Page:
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Sound design takes Center Ice

Located in Tampa, the Ice Palace is the frozen play ground of the NHL's Tampa Bay Lightning, an expansion team that took to the ice in this brand new

Sound design takes Center Ice

Nov 1, 1997 12:00 PM,
Sam Gidren

Located in Tampa, the Ice Palace is the frozen play ground of the NHL’sTampa Bay Lightning, an expansion team that took to the ice in this brandnew facility at the end of September. Built in the classic oval-shapedfashion, which lends itself so adroitly to sporting arenas of this nature,the venue seats around 20,000 fans. The brainchild of the Kansas City-basedarchitectural firm of Ellerbe and Becket, the arena relies upon an audiosystem design which sprang from the fertile imagination of Brad Ricks atWJHW in Dallas. Featuring six distributed loudspeaker clusters made up (seepage 34) entirely of Community components, the system is fueled by aNexSys-controlled army of Crest amplifiers, and it is processed entirelywithin the digital domain by three of TOA’s DACsys II DP-0204 units.

A member of WJHW’s stable of wunderkind designers, Brad Ricks is probablybest known for his designs for north-of-the-border forums such as RaptorsStadium in Toronto and the Edmonton Coliseum. Among the more recentprojects are the new Redskins Stadium and the Denver Arena.

“Tampa’s Ice Palace audio system was designed expressly for a hockeyvenue,” Ricks said. “And it would work well for basketball too if the needarose in the future. One of the biggest advantages of this six-clusterdistributed system for hockey is that it improves speech intelligibilityand clarity by moving the loudspeakers closer to the audience. The shadowzones you might develop in the first few rows of seats with a centralcluster are absent as well because the loudspeaker arrays are positionedout over the dasher-boards. The sight lines remain clean too.”

Used for music and announcements, the system is full-range, operatingbetween 50 Hz and 18 kHz. Two of the six loudspeaker clusters are flown atthe ovoid ends of the arena; the other four reside in equally spaced arraysof two along each of the flat sides of the structure. The four sideclusters are each divided into four distinct tiers of components. Each tierreceives a specially processed signal from one of the three digital signalprocessors according to the needs of 11 audio zones in the arenaestablished by Ricks.

The top row in the side clusters comprises a pair of Community’s RS660enclosures. Directly underneath in the next tier lies a pair of RS220s.Descending tiers house another pair of RS220s and a pair of low-frequencyCBS315s respectively. Notably larger to compensate for the wider areas ofcoverage they serve, the end clusters are split into five tiers ofcomponents. A pair of RS660s starts things out in the top row, followed inthe second by a single RS660. The next two levels have three RS220s apiece,and the bottom is the low-frequency stratum with four CBS315s. As with theside clusters, each level of the end cluster receives its unique processingfrom the DACsys II units.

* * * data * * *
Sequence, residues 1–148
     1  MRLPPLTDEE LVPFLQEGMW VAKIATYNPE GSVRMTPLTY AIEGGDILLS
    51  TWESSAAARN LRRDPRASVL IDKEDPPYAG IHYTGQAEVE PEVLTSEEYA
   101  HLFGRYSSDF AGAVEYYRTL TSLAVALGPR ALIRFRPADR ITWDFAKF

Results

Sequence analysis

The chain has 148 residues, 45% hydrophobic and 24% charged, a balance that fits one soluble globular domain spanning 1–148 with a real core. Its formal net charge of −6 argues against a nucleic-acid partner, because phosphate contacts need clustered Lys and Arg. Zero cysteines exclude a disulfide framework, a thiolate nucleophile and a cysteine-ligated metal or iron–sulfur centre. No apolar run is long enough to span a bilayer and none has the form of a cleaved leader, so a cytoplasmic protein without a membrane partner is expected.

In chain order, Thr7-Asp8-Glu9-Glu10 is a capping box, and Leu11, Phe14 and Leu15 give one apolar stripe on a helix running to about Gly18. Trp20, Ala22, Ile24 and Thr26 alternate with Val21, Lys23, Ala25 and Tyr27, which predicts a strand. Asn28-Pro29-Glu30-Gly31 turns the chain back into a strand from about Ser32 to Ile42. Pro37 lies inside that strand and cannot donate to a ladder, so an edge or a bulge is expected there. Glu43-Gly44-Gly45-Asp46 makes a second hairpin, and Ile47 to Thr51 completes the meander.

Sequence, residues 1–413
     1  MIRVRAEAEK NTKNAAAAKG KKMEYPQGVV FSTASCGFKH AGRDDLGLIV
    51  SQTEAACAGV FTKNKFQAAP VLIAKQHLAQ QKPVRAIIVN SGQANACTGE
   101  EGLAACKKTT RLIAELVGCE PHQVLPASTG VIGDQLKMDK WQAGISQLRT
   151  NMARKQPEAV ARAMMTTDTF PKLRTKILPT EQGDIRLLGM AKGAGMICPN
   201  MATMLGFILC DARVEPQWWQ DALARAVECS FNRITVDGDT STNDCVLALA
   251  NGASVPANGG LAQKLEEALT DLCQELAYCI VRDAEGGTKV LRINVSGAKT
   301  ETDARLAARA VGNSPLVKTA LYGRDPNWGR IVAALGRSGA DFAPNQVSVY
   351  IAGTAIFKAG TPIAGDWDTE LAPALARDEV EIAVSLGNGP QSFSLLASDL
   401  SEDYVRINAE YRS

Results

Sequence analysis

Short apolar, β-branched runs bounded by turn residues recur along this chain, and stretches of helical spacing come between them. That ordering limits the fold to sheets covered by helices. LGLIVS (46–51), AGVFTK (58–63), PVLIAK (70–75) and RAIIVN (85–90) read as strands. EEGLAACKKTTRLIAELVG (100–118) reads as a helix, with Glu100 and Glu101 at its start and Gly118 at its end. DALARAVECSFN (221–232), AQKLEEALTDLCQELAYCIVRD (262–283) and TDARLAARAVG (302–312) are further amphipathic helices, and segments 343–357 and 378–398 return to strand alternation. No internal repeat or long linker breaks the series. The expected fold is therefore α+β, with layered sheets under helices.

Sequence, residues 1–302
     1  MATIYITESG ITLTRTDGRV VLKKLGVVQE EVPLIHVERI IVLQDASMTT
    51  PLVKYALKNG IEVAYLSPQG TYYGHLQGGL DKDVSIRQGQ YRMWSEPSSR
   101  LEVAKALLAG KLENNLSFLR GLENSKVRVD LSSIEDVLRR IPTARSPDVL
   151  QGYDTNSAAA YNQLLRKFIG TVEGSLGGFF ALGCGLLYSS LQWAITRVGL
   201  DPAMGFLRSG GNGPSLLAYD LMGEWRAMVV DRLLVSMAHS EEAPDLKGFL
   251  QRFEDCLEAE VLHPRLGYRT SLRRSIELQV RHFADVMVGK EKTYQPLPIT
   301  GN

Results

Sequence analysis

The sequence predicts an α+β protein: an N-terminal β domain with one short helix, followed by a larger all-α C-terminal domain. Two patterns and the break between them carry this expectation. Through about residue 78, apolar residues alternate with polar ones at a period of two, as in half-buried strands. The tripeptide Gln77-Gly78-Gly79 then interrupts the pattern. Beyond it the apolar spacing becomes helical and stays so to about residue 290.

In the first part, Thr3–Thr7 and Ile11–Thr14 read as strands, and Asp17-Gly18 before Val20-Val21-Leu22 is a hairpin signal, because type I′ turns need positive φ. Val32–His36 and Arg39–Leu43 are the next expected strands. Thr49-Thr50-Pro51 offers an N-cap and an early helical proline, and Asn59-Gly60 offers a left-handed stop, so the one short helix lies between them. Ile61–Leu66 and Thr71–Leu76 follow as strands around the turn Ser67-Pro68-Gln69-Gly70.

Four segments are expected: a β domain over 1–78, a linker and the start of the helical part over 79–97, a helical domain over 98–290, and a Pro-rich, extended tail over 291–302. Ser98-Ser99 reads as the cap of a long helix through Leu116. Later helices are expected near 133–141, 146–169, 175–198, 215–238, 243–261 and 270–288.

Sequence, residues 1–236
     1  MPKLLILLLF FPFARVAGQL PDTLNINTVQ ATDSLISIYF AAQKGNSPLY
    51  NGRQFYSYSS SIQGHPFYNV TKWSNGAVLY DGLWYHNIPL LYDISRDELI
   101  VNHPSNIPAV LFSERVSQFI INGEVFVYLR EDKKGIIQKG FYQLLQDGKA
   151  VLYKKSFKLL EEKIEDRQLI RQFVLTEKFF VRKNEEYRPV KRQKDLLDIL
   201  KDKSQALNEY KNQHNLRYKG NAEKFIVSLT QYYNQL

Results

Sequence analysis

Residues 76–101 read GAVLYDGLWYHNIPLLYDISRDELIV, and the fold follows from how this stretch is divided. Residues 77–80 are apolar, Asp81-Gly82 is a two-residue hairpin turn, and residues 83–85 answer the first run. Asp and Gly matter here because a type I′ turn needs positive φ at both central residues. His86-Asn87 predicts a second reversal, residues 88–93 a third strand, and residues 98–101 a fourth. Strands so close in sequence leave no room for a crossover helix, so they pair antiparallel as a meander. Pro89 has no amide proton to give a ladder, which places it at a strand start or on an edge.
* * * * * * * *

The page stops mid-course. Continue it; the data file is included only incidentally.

For fill coverage down on the ice, four of Community’s horizontallyconfigured RS220H loudspeakers were suspended from the centrally locatedscoreboard at a ratio of two per side.

The RS series components throughout the clusters can be used withproprietary electronic controllers available from Community, Ricks chose togo with his own processing, given the complexity of the zoning on the joband his unique processing needs. As he configured the arrays, the designrelied upon a true four-way split of the signals with the bottom- dwellingCBS315s crossing into the modular three-way RS660s and RS220s at around 250Hz.

“The Community components we selected offered the highest amount ofperformance per dollar in this application,” Ricks notes. “While the RS660sand RS220s delivered the projection, pattern control and intelligibility wewere seeking, plus the extended high-frequency response of their VHF 100drivers, the CBS315s provided solid, low-end efficiency. I have to admitI’m somewhat partial to the latter especially, as I’ve used them at RaptorsStadium with great success, and I plan to use them again for RedskinsStadium and the Denver Arena too.”

The arena system’s Crest power comes on strong from a NexSys- controlledgalaxy revolving around seven 2,050 W 9001s and 17 CKS series amps rangingfrom a 900 W CKS1200-2 to 13,600 W CKS800s. (All preceding power ratingsare based upon a 4 V load.) Crest power fuels the Ice Palace’s 70 Vancillary systems as well with CKV series product.

Given the remote control capabilities of the computer-based NexSys system,the power amps are located along catwalks up close to the arrays to savethe labor and expense of running long loudspeaker lines from the systemcontrol room far below. Most of the system’s signal processing is alsolocated with the amps, which reside in eight Middle Atlantic wrk-44 racks.